Clinical normal tissue radiosensitivity should be regarded as a complex trait dependent on the interplay of several gene products. Individual variations in expression of these genes are responsible for variations in clinical radiosensitivity in different cell types and tissues. SNPs and other small germline mutations in these genes lie at the basis of this differential expression. With respect to clinical radiosensitivity, two groups of genes are considered for SNP analysis in radiogenomics studies: genes responsible for recognition and repair of DNA damage and genes related to cytokines and growth factors. The first group is more related to acute radiotoxicity, while the second group is more linked to late effects. The ATM gene encodes a kinase that initiates processes that regulate DNA repair, cell cycle checkpoints and apoptosis. With respect to DNA repair, genes involved in base excision repair (e.g. XRCC1, APE1, OGG1, PARP), homologous recombination (e.g. XRCC3, Rad50, Rad51) and non-homologous end-joining (e.g. Ku70, Ku80, Lig4) are considered for SNP analysis. Candidates among cytokines for SNP analysis related to tissue response to ionising radiation are e.g. TNF-α, IL1, IL6, IL8, IL10, TGFβ1, PDGF. In view of the central role of TGFβ1 in the development of radiation induced tissue reactions, genes coding for the most important TGFβ1 signal transduction proteines are also considered: TGFβR1, TGFβR2, Smad2, Smad3. We performed already different radiogenomic studies for the association between the genotypic profile of patients and the severity of complications of radiotherapy. In the gynaecological cancer patient population considered for the G2 study, we also investigated the association between the occurrence of late moderate (CTC2) and severe complications (CTC3+) and the presence of the Arg194Trp, Arg280His, Arg399Gln, Gln632Gln SNPs in XRCC1, the 5UTR 4.541A>G, IVS5-14 A>G, Thr241Met SNPs in XRCC3 and the Ser326Cys SNP in OGG1 (7). Furthermore, the impact of the -1552delAGG, -800 G>A, -509 C>T, Leu10Pro, Arg25Pro, Thr263IIe polymorphisms in TGFβ1 was studied for an expanded population (8). With respect to polymorphisms in DNA repair genes, the XRCC1 (Arg280His, Arg399Gln, Gln632Gln) and the XRCC3 (IVS5-14 A>G) variant alleles were found to be risk alleles (OR>1) for moderate and severe late complications (CTC2+). Presence of three or more of these alleles results in an OR of 10 and more (p=0.001). With respect to TGFβ1, the homozygous variant -1552delAGG, -509 TT and 10Pro genotypes in TGFβ1 were found to be associated with the risk of developing late severe (CTC3+) radiotherapy reactions and triple variant homozygous patients had a 3.6 times increased risk. Recently, a radiogenomics study of acute reactions (dermatitis, mucositis, dysphagia) in 88 head and neck cancer patients treated with IMRT was finished focussing on SNPs in the DNA DSB repair genes XRCC3 (5UTR 4.541A>G, IVS5-14 A>G, Thr241Met), Rad51 (5UTR 135G>C, 5UTR 172G>T), Lig4 (Thr9Ile, Asp568Asp), Ku70 (5UTR 61C>G) and Ku80 (IVS21-2.804 G>A). The XRCC3 codon 241 and the Ku70 5UTR variant genotypes are significantly (p<0.05) associated with the risk of developing severe dysphagia (CTC3+). Analysis of the data also highlighted the importance of physical dose to the critical structures, which is strongly dependent on the individual treatment in recent radiotherapy techniques as IMRT. Based on the genotypic data and dose volume histograms of the constrictor pharyngeus muscles, a risk model for severe dysphagia was developed with a sensitivity of 77% and an specificity of 78%. This study will be expanded with the inclusion of more patients and a panel of SNPs in genes involved in DNA repair and cytokines representing risk alleles according to our own work and literature data. Also a clinical follow up for late complications is started. This will lead to optimization of the prediction model, which can then be applied for patient selection in dose escalation and de-escalation studies.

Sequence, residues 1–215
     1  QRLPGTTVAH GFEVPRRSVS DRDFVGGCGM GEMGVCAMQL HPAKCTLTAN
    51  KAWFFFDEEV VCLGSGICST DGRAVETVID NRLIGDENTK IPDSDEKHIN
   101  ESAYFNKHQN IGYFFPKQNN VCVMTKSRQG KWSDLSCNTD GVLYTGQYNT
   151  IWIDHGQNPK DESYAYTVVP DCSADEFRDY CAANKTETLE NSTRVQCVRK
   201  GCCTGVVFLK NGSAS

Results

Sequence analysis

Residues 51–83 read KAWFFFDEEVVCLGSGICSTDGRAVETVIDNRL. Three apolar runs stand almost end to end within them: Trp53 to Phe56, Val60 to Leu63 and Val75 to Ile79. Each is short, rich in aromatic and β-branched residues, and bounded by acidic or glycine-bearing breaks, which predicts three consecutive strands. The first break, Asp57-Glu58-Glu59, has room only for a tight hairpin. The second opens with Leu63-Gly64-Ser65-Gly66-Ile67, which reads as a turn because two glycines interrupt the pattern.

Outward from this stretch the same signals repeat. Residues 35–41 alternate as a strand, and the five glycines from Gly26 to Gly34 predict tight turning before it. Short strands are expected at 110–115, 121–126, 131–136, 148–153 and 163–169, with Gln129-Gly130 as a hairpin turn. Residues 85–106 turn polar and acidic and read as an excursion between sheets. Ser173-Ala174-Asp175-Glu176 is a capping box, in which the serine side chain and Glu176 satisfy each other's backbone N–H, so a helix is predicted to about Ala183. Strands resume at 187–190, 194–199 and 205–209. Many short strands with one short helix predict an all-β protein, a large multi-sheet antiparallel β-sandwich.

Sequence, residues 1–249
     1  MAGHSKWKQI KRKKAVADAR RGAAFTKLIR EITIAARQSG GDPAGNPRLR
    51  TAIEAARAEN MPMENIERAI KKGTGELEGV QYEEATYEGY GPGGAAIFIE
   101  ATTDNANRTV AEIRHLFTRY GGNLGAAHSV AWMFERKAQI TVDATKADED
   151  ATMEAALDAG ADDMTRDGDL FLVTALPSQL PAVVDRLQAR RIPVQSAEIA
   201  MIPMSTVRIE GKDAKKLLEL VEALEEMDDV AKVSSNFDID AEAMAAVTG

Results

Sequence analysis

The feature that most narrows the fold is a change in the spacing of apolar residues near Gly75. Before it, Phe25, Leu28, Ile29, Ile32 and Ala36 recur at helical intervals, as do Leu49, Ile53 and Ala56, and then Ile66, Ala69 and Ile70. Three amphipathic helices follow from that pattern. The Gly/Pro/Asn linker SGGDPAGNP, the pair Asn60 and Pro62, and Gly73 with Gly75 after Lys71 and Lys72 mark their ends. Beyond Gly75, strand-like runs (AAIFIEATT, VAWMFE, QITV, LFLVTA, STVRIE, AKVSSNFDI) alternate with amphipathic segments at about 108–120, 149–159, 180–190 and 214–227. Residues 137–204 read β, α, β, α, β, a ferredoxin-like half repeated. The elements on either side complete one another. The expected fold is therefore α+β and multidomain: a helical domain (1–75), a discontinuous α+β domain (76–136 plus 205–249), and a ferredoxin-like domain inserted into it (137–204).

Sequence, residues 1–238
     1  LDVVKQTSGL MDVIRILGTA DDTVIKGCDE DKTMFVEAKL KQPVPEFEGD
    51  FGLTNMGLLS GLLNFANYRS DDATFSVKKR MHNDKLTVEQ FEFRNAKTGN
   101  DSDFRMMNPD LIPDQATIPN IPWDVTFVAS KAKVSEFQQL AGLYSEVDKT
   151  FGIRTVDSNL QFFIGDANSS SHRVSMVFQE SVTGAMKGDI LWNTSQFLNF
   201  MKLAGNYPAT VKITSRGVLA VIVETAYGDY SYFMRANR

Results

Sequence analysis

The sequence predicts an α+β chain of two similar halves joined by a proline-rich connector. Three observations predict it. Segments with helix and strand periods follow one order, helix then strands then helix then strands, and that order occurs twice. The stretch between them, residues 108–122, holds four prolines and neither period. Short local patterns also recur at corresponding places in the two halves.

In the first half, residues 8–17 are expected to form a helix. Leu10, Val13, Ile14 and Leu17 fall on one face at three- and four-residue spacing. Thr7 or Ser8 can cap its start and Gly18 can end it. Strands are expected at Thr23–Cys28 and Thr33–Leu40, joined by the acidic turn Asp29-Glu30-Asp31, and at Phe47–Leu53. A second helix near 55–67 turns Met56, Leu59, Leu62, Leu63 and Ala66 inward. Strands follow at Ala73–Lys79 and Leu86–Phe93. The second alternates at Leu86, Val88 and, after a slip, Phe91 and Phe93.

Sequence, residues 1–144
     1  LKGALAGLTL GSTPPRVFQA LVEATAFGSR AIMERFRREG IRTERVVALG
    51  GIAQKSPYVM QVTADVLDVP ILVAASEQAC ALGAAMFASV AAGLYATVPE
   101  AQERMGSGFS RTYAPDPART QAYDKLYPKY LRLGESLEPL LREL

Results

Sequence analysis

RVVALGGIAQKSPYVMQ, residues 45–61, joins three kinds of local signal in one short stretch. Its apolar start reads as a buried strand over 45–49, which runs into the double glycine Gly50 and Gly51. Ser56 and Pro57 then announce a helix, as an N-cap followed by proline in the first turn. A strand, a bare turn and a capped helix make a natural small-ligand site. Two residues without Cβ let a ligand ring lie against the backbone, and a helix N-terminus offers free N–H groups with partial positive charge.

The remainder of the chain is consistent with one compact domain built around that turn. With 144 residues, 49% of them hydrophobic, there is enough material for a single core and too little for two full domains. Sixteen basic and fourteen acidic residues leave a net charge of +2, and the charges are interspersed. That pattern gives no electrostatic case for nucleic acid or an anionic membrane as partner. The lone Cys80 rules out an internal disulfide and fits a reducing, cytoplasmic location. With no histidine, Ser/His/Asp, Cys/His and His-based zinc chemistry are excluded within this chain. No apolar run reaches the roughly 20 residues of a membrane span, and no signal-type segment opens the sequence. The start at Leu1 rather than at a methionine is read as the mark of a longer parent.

(1)Gatti RA. The inherited basis of human radiosensitivity. Acta Oncol 2001; 40:702-711.
(2)Russell NS, Begg AC. Editorial radiotherapy and oncology 2002: Predictive assays for normal tissue damage. Radiother Oncol 2002; 64:125-129.
(3)Alapetite C et al. Analysis by alkaline comet assay of cancer patients with severe reactions to radiotherapy. Int J Cancer 1999; 83:83-90.
(4)Barber JBP et al. Relationship between in vitro chromosomal radiosensitivity of peripheral blood lymphocytes and the expression of normal tissue damage following radiotherapy for breast cancer. Radiother Oncol 2000; 55:179-186.
(5)Scott D et al. Genetic predisposition in breast cancer. Lancet 1994;344:1444
(6) De Ruyck K et al. Chromosomal radiosensitivity in head and neck cancer patients: evidence for genetic predisposition ? Br J Cancer (in print)
(7) De Ruyck K et al. Radiation-induced damage to normal tissues after radiotherapy in patients treated for gynaecological tumors: association with SNPs in XRCC1, XRCC3 and OGG1 and in vitro chromosomal radiosensitivity in lymphocytes. IJROBP 2005; 62:1140-1149.
(8)De Ruyck K et al. TGFβ1 polymorphisms and late clinical radiosensitivity in patients treated for gynaecologic tumors. IJROBP 2006; 65:1240-1248.
Key words: Radiosensitivity / Radiotherapy / DNA Repair / SNP
© EDP Sciences, 2008